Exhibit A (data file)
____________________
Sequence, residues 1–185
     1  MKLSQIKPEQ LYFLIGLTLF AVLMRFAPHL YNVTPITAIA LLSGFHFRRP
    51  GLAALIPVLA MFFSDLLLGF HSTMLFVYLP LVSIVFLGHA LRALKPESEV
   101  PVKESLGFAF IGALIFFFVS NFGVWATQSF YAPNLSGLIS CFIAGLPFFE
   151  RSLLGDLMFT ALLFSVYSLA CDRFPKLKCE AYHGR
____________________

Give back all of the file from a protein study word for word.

Sequence, residues 1–185
     1  MKLSQIKPEQ LYFLIGLTLF AVLMRFAPHL YNVTPITAIA LLSGFHFRRP
    51  GLAALIPVLA MFFSDLLLGF HSTMLFVYLP LVSIVFLGHA LRALKPESEV
   101  PVKESLGFAF IGALIFFFVS NFGVWATQSF YAPNLSGLIS CFIAGLPFFE
   151  RSLLGDLMFT ALLFSVYSLA CDRFPKLKCE AYHGR